Helping Haiti. It's been two years since devastation rained down on Haiti in the form of a raging earthquake and, according to Reuters, aid and development to the country has been slow-going to say the least. Millions remain homeless and living in displacement camps where cholera, a water-borne disease has reached epidemic proportions. But an international alliance has stepped up to address, notes Reuters:
Officials from the Pan-American Health Organization, UNICEF and the U.S. Centers for Disease Control and Prevention said they would join with the Haitian and Dominican governments to develop a plan to eradicate cholera from the island the two countries share by extending clean water and sanitation to stricken areas.
Do College Students in the U.S. Feel Academically Prepared? According to this infographic from GOOD, maybe not. A recent study of high school graduates, conducted by the College Board, notes GOOD, found that 33 percent of incoming college freshmen didn't think so. They had a lot more to say as well - it's worth checking out.
"Millions of Americans driven into poverty." So says a new study, according to the online news site, The Raw Story. The recession has pushed many middle-class Americans into poverty and there are few signs that this will change any time soon. Tavis Smiley, NPR radio host, requested the study. Smiley, Cornel West, Barbara Ehrenreich and others embarked on a "Poverty Tour" across the United States, addressing the issue with Americans, this past summer. The tour was turned into a televised special which airs tonight on C-SPAN and will be broadcast on Smiley's PBS show over three nights beginning January 16.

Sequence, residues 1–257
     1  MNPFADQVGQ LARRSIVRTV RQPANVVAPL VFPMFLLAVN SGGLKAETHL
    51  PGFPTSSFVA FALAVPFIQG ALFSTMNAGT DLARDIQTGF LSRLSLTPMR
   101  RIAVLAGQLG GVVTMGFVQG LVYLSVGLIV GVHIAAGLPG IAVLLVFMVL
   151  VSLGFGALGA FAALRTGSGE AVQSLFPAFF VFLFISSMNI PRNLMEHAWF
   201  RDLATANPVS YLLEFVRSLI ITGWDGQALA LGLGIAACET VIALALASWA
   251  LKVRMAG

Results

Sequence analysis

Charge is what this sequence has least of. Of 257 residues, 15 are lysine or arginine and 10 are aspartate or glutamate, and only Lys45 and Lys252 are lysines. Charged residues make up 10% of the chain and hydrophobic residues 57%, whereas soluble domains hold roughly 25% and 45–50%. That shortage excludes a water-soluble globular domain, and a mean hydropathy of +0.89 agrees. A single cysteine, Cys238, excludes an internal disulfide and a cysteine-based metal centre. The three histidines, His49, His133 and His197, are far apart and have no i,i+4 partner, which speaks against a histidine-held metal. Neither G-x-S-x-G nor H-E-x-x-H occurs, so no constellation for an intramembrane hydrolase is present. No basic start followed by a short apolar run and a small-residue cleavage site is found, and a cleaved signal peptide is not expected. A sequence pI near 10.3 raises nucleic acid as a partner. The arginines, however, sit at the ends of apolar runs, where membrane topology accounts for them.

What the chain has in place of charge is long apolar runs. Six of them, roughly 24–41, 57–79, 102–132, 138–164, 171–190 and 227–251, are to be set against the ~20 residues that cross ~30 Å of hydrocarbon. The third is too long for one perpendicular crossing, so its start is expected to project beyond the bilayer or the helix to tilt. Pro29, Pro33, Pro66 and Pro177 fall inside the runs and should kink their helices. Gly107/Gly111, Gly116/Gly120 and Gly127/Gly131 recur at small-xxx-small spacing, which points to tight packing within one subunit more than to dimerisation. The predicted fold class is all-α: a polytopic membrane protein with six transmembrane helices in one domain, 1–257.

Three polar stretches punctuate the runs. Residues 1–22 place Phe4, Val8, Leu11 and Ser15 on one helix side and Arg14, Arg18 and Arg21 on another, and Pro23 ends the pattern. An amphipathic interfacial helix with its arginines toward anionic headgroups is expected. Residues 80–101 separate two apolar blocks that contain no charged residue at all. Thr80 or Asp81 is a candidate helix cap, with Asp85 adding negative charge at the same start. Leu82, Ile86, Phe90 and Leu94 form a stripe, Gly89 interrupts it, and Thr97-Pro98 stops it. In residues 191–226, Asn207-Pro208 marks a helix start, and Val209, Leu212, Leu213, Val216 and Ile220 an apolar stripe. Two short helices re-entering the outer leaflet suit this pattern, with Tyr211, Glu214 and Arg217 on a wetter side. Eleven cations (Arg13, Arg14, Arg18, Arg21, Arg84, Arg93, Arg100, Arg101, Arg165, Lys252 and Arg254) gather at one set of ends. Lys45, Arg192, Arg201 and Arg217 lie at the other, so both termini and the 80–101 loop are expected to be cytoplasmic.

What is the world waiting for? Today marks the launch of what has the potential to be an utterly momentous campaign to save the lives of women and children around the world. What do you think has the potential to save millions of lives? Actually, you might be surprised to know ( I know I was) that the question isn't "what" but "who." Health workers (or "frontline health workers" - the first and often the only point of contact for millions who live beyond the reach of hospitals and clinics ) are the most cost-effective and immediate way to save lives, around the world. But. The WHO also estimates that there is a shortage of at least one million frontline health workers, particularly in Africa and parts of Asia. Who are frontline health workers? According to the Frontline Health Workers Coalition, which launched today (and includes Save the Children, the White Ribbon Alliance, PSI, the Bill & Melinda Gates Foundation and others):
Frontline health workers are those directly providing services where they are most needed, especially in remote and rural areas. Many are community health workers and midwives, though they can also include local pharmacists, nurses and doctors who serve in community clinics near people in need. Some physicians may also be considered frontline health workers when they serve in local clinics and address basic health needs.
The video explains, with beautiful clarity, why this issue is so critical to maternal, newborn, and child health around the world. Because, really, what are we waiting for?